116 3rd St SE
Cedar Rapids, Iowa 52401
HIAWATHA — Grayson Burgess hefts what looks to be a heavy, square stone object in the production area of his Hiawatha business. Only its light blue color gives away that it’s actually a lightweight acrylic plastic material.
“That’s 3D printed, and we’ll paint it black and put a special paint on it,” he said. “Then we’ll weather it.”
Burgess admitted he didn’t have such a detailed plan when he launched his business.
“It was an accident, really,” Burgess said one morning last week. “The Captain America shield really didn’t come to the idea of selling it. I just thought I could make something.
“After that, I just went down that rabbit hole of making replica props.”
It’s been a fortunate rabbit hole for Burgess, 25. Since 2016 his Comic Sandwiches has supplied shields and other props — batons, maces and battle hammers — to cosplayers and comic-book fans in two dozen countries.
“We kind of accidentally ended up in a little bit of a niche with shields,” Burgess said. “We do every variant of a shield that’s in movies.
“A lot of characters have hammers, so we’ve done a lot of different ones. I’m working on batons from Daredevil — still figuring out how those should work but I have a prototype. Maces, for HawkGirl, was one.”
Burgess, himself a lifelong fan of comic books, was looking for something to do after graduating from Linn-Mar High School.
“I needed money for college, for one,” he recalled, “and then I needed something to do.”
Burgess’ mother suggested making wall frames for collectible comics.
“I went to a few comic cons (conventions) with those and I tried selling them online, and they just really didn’t sell,” he said.
While it wasn’t a sales success, the sandwiching of a comic book between two panes of glass gave Burgess’ business its name.
Its most popular product was yet another happy accident.
“Going to a comic con, I wanted to make my own Captain America shield, so I made my own,” he said. “People were interested in it, including my neighbor, who was my first customer. I sold him my first shield, so I opened and Esty store and sold maybe 80 of them within three months.”
That was 2011-12, about the time of the release of the third Captain America movie in the so-called Marvel Cinematic Universe series.
“That really boosted the popularity,” Burgess said. “I kind of gained a reputation that way, so I could continue selling things.”
Comic Sandwiches’ foundational product, that Captain America shield, has changed. Burgess made his first shields from steel saucer sleds, cut to size on a jigsaw. Its leather carrying straps were made from old belts.
“Now, the newer ones are made out of aluminum and they’re custom-formed,” he said. “They’re designed to be Captain America shields, and that’s it. The leather has just gotten more refined, and more accurate to the real ones.
“Everything we make is mostly aluminum, and we do a little bit of acrylic plastics. Now I’m more into urethane, for casting.”
Burgess uses a computer-controlled router his parents bought for their business, Presentations Inc., in 2006.
“I slowly improved it over the years, so I was the most knowledgeable,” he said.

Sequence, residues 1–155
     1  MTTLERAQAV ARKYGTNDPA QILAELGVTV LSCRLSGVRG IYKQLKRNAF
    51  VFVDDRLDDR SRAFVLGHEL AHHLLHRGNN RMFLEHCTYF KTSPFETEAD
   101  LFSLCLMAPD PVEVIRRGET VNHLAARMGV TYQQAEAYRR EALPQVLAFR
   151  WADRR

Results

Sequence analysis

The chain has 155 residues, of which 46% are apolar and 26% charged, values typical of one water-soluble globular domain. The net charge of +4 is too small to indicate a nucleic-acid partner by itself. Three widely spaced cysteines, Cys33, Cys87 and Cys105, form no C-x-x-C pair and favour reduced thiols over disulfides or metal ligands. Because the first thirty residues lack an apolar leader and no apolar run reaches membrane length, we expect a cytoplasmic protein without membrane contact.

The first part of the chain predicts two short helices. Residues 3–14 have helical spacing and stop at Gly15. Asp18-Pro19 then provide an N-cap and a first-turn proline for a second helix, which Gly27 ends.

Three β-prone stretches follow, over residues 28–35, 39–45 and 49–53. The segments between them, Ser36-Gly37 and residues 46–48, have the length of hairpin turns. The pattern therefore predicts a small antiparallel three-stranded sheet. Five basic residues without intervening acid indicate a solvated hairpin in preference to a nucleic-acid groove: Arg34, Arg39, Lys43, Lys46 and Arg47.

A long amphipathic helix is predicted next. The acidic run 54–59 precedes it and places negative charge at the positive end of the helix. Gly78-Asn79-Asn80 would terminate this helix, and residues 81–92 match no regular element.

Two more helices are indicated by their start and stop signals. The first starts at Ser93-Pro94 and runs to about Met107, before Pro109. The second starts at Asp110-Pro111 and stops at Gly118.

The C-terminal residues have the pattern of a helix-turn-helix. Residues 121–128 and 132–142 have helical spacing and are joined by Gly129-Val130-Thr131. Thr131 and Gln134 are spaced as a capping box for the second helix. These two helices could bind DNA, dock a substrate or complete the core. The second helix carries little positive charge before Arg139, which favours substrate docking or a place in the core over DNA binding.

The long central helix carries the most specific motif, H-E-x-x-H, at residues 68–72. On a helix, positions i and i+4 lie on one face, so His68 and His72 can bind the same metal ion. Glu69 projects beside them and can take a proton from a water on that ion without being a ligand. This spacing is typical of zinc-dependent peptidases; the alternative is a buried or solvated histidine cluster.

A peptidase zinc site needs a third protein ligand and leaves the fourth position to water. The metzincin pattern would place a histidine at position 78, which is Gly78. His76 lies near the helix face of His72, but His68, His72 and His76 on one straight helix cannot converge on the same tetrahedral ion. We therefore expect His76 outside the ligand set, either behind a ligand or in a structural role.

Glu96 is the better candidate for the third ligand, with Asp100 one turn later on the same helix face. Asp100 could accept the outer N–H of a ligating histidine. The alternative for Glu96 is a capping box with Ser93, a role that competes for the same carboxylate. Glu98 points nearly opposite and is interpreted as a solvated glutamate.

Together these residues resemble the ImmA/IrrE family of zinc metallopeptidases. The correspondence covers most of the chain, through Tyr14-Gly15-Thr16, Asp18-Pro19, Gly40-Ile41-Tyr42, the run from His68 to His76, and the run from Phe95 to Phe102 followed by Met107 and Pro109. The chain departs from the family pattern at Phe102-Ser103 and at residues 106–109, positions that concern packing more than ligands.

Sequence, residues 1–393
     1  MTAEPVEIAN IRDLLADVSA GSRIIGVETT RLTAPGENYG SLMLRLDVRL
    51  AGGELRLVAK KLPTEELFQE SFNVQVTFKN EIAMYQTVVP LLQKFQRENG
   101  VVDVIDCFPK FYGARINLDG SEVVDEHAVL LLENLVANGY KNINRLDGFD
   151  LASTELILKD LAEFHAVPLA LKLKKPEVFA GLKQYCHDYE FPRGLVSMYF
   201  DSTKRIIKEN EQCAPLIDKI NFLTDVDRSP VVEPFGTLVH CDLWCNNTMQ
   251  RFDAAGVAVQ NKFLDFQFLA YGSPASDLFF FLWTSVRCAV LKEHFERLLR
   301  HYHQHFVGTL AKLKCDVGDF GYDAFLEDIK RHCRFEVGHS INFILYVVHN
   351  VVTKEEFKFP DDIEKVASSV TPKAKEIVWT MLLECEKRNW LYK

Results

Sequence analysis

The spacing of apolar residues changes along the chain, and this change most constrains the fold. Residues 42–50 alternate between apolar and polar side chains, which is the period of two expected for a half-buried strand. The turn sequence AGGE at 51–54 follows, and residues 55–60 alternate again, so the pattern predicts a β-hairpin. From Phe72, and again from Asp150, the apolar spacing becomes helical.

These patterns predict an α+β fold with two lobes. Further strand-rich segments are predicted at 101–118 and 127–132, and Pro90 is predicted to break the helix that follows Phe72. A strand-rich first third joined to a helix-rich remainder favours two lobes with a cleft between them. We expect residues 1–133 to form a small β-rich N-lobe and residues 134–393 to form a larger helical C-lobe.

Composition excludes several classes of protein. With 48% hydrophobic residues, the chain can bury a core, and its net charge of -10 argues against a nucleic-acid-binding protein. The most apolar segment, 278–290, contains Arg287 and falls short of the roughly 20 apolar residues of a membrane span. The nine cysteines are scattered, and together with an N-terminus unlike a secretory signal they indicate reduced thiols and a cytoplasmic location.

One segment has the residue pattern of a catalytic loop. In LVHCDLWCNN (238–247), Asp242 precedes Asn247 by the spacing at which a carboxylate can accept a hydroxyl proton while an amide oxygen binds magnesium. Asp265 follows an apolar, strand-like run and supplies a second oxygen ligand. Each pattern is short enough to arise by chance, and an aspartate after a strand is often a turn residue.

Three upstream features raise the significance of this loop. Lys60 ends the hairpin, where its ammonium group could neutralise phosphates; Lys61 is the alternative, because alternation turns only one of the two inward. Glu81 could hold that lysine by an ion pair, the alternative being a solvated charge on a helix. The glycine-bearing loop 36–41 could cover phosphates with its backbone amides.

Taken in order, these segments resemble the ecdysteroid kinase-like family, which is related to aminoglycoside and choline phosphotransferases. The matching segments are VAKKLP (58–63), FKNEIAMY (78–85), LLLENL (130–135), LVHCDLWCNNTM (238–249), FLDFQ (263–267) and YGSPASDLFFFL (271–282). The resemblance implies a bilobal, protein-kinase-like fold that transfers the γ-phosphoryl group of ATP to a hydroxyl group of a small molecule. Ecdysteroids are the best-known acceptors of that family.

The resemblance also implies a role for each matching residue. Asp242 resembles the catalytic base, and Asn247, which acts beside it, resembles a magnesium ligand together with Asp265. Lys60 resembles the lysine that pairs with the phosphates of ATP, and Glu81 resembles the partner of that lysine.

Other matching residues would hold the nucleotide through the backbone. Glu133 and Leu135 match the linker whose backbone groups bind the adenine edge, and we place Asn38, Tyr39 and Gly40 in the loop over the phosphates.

Burgess’ business shares space with his parents. Todd and Jill Burgess’ Presentation Inc. specializes in graphic design and fabrication of displays for public places such as corporate offices and hospital lobbies.
Burgess has added a laser cutter and other equipment. Demand for his and his parents’ businesses have both looking for larger quarters.
Burgess commutes weekly to Ames, where he’s studying industrial engineering at Iowa State University — a natural complement to Comic Sandwiches, or vice versa.
“It’s all about logistics and efficiency,” he said. “It relates pretty well.”
Three employees maintain operations when Burgess is in Ames.
“Two of them do production,” he said. “This last semester was the first time I didn’t really need to be here all the time. They were able to help get orders out, and I have a third guy who does all the social media and customer relations.”
Burgess also supplies components and supplies to cosplay enthusiasts who want to build their own costumes and gear.
“There’s a huge community around do-it-yourself cosplay,” he said. “I think people find enjoyment out of sourcing all the parts and materials and making sure it’s accurate.”
Burgess estimates about half of Comic Sandwiches’ products are intended solely for display. The company makes display stands and miniature replicas for that market.
Comic Sandwiches props have turned up in Netflix productions and as display pieces at Disney theme parks.
”We have a couple shields at a hotel in Paris,” he said. “We just sent them another one.”
Owner: Grayson Burgess
Address: 935 Boyson Ct., Hiawatha
Phone: (319) 899-6178
Burgess hasn’t hit any issues with the studios or other copyright holders.
“It’s a little bit of a gray area,” he said. “They don’t seem to go after people too much because it helps grow the fandom and it’s also artistic interpretation of all their different things. I try to stay away from just using logos.”
Holidays are good for business, but Burgess said studio schedules are the biggest factor.
“Movie releases actually do better than holidays, so April and May are probably our busiest months,” he said.
And as fans pore over advance trailers for clues to new directions in the Marvel Cinematic Universe, Burgess pauses the video to study the props for clues to their production.
“That’s pretty much how it goes,” he said. “They’ll even release it in trailers so you can make things before the movie comes out.”
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